In my last blog entry I wrote about the low FODMAPs diet that seems to be gaining in popularity among IBS sufferers. The diet basically involves avoiding a certain type of carbohydrate to stop fermentation in the gut. One of my lovely readers, Bernadette, has tried the diet with great success and has kindly answered a few questions about her own FODMAPping experience.
Sophie: Hi Bernadette! Can you tell us a bit about your IBS background please?
Bernadette: I have had IBS-C for 26 years, and I first heard about fructose malabsorption in 2005. Fructose is the M in FODMAPS as it is a monosaccharide, a single sugar. It is found in all fruit and some vegetables, honey and high fructose corn syrup. I had a breath test for fructose malabsorption which measured the amount of hydrogen my body produced after eating fructose, and this test was negative.
A few years later (2007) I had a new GP who, after hearing my symptoms of bloating, pain, constipation etc, thought I should have another breath test for fructose malabsorption, but this time one that measured methane, as she thought I might be a methane producer and not a hydrogen producer.
I had a lactulose breath test to check whether I produced methane or hydrogen when fermentation was happening in my gut – nobody can digest lactulose, so it gives a baseline level. You produce both gases naturally, but some people produce more methane than hydrogen, and some more hydrogen than methane, and very high levels of either gas indicate high levels of fermentation.
The lactulose test showed that I was producing too much methane, and so I had another breath test specifically for fructose malabsorption, but this time one that measured my levels of methane after I had ingested fructose. This test was positive.
Interestingly, they say that methane producers are more likely to have constipation than diarrhea as a symptom. I was also tested for lactose intolerance, and that test was positive as well.
At this time I heard of the Royal Prince Alfred Hospital (RPAH) elimination diet from a girl doing the breath test at the same time. This is a very strict, low food chemical diet, where you limit the food chemicals salicylates, amines and glutamates. I had allergy problems as well as bowel symptoms, so I thought this may be more relevant to my allergy and gut problems.
I went to an allergy specialist here in Melbourne who supervises this diet, and I found the diet helped my allergy symptoms but not my gut symptoms, although the RPAH diet does help some people with gut symptoms. There is debate over here in Australia as to which is the better diet, the RPAH diet or the low FODMAPs diet. Some dietitians prefer one over the other, and a few are trying both.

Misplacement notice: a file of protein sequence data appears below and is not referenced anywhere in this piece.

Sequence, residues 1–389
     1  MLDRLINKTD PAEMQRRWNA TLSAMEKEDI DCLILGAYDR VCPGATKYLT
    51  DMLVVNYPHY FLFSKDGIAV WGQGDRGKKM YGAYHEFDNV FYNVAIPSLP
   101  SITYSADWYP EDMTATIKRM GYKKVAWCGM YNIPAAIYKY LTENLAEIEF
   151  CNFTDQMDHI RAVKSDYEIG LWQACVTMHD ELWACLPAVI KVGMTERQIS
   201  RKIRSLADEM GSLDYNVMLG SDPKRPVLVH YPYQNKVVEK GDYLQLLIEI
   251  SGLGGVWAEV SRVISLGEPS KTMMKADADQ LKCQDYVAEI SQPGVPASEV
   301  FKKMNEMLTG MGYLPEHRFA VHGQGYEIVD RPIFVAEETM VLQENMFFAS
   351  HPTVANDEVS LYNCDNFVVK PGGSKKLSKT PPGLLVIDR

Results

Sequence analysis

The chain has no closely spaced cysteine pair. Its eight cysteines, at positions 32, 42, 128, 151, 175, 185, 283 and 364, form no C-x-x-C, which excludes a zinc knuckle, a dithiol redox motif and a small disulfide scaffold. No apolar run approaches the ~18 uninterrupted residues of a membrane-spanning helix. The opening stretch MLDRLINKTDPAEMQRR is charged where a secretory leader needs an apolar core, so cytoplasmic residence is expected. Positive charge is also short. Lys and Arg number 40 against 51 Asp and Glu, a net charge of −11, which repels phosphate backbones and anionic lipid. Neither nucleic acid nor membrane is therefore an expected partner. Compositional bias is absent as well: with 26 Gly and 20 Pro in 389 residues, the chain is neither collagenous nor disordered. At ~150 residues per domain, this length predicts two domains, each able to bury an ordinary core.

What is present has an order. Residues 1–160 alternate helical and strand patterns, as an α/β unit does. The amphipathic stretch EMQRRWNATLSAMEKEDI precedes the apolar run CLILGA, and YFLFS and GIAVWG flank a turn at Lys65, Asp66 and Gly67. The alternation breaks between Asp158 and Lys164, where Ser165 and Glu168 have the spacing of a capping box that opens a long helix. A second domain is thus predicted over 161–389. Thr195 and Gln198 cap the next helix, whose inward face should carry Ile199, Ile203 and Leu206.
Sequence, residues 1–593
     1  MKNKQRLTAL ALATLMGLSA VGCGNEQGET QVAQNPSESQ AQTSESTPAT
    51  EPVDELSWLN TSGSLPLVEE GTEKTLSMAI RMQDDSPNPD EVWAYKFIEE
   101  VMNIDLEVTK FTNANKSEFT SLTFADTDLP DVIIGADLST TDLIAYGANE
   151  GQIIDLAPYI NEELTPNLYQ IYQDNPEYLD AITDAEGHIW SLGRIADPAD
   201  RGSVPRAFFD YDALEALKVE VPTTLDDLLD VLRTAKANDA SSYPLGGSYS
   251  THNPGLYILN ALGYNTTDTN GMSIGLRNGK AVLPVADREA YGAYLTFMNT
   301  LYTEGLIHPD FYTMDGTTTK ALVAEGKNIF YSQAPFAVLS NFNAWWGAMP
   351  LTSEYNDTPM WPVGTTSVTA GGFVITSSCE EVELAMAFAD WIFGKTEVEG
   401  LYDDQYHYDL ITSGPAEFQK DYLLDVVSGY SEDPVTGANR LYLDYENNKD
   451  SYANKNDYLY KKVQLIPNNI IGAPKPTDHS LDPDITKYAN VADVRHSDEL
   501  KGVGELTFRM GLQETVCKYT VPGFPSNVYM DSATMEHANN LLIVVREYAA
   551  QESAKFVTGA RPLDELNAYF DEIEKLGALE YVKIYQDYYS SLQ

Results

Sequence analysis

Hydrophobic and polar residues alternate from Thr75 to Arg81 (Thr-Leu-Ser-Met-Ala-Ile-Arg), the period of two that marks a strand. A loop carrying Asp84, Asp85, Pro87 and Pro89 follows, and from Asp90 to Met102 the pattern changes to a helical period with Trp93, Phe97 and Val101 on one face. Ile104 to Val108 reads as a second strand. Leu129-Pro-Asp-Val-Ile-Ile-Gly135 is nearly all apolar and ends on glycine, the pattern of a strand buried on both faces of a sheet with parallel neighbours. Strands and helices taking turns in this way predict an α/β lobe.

Sophie: When did you first hear about the FODMAPs diet?
Bernadette: After trying the low food chemical diet for six months and still suffering from gut pain, bloating and constipation, I went to a dietitian who specialised in fructose malabsorption. By this time the research had advanced to the FODMAPs diet although the research was new so not all foods had been tested yet. They are slowly testing all the foods against the diet here in Australia.
When I tried the FODMAPs diet I found a definite improvement in my symptoms. After more than 20 years I wasn’t in pain and I could see a direct relationship between the foods avoided and my gut reactions. I feel very angry to think of all those specialists who told me my IBS was due to stress.
Sophie: What foods do you have to avoid?
Bernadatte: It is said that onion is the food that most commonly causes symptoms. This is one of the hardest things to avoid in everyday life as a lot of processed foods have onions or onion powder in them, and most restaurants use onions extensively in their cooking. Other vegetables to avoid are garlic, asparagus, sugar snap peas, legumes and lentils.
A few of the fruits to be avoided are apple, pear, watermelon and peaches. You also need to avoid chicory, inulin and pistachio nuts. Testing has just been done on other nuts and it’s advised that they are eaten in very small amounts, ie: no more than 12.
The whole list of alloweds and avoids is too long to go into here, but a good starting point is to visit http://dietsolutions.net.au
Sophie: Do you think that other IBS sufferers should try FODMAPs?
Bernadette: I would strongly recommend this diet to all IBS sufferers. As a support group leader I constantly tell our members that ‘individual tolerance’ is always to be assessed when eating anything, even allowed foods. The quantity of ‘allowed’ foods is an issue for people with FODMAP sensitivity.
We cannot necessarily eat a large amount of ‘allowed’ foods, ie: you might manage to eat six blueberries but seven might take you over your individual tolerance level, so you have to learn what that level is with all food by experimentation. And as all IBS sufferers know, some days you can get away with eating things that you suspect you react to and some days you can’t.
Sophie: Thanks for your help!
Bernadette: I hope this helps some of you. I know how awful it is to be in pain day after day and not have any answers. The low FODMAP diet is worth a go.